I never realized how important it was to talk about infertility until I started talking about it. My husband isn’t as “excited” to tell complete strangers about what’s going on. I on the other hand, feel liberated. The more I talk about it the less uncomfortable I am; the more I increase the opportunity for others to connect to me.
Connection with another human being is extremely important and I believe this is even more true of women. Women gather. We gossip. We huddle over morning coffee and pass brownie bites without saying a word. We talk about our feelings and, when we’re really close, finish each other’s sentences. We understand each other as women do. Whether a woman has lost a child or will never have a child we are there for each other. No questions asked.
So when a friend and wonderful mentor of mine recently sent me her thoughts about the blog, I was moved by her uncertainty in how to talk to me about my experience. Her comments, re-printed below, made me think how important it is for those of us who are dealing with infertility to tell others how and when is a good time to talk to us about it.
“Thank you so much for sharing the blog with me. It is interesting because I don’t know if it is something you want to talk about or if it is off-limits. I think most people who are “standing by” someone they love who is going through the “whole infertility business” are not sure what they can do, what to say, or how they can help? I would think it would be irritating to ask how things are going.”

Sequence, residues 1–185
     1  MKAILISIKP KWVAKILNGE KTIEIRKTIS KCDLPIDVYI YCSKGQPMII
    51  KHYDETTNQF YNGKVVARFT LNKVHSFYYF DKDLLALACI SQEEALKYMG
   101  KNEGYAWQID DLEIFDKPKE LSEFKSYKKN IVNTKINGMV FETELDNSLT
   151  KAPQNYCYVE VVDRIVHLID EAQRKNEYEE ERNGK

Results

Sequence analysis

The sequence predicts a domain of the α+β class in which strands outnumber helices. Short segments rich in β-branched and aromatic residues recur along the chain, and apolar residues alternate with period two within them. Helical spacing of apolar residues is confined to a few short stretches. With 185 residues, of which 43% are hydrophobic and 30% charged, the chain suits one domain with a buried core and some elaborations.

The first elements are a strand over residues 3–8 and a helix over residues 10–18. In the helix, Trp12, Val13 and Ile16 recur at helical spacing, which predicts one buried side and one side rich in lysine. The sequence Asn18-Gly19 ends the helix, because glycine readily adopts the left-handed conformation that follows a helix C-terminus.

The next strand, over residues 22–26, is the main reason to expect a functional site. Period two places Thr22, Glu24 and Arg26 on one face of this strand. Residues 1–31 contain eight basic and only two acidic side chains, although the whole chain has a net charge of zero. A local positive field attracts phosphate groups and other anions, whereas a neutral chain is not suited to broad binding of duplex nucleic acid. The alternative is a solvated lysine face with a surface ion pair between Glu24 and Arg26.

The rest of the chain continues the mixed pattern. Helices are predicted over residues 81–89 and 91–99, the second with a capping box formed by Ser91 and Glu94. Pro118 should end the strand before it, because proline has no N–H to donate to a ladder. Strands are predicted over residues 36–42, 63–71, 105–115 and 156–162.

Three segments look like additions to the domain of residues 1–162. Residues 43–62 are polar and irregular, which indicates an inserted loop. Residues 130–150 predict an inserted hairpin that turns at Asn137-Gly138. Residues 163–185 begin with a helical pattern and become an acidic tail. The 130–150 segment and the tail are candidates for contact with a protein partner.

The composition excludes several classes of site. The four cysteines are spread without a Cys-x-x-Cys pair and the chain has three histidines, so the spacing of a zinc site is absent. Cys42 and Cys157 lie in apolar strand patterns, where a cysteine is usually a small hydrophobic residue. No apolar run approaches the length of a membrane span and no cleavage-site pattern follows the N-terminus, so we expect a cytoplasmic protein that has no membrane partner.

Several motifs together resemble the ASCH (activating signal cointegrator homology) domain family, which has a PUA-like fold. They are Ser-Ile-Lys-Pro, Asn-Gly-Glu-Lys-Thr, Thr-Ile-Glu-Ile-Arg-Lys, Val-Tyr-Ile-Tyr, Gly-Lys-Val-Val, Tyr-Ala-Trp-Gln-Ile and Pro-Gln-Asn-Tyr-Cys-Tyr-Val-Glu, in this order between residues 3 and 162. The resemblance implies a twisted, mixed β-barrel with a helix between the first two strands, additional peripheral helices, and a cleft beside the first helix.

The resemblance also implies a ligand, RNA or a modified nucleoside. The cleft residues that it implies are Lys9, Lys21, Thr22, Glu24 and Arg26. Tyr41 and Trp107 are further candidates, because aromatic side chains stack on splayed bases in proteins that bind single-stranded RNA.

I’m glad she asked these questions. Infertility is a painful journey; and it would be a lonely one for me if I let it be that way. I personally welcome questions because it provides an opportunity to learn something new. It gives me the space to feel someone else’s concern for me which in turn makes me a better person.
But there are those out there who are not as forthcoming or comfortable and it’s not always easy to know what to say or how to approach them. My advice is to listen and be there the best you can be without judging or questioning your loved ones reasoning or decisions. Don’t offer advice or ask every time you see them “Are you pregnant yet? or “How are things going?” Let her open up to you and you’ll never go wrong.
There are probably a ton of things I missed but here are two websites that will be helpful in learning more about infertility and infertility etiquette:
Thank you for stopping by! If there is anything in particular you want to read about, send me an e-mail. I would love to hear from you!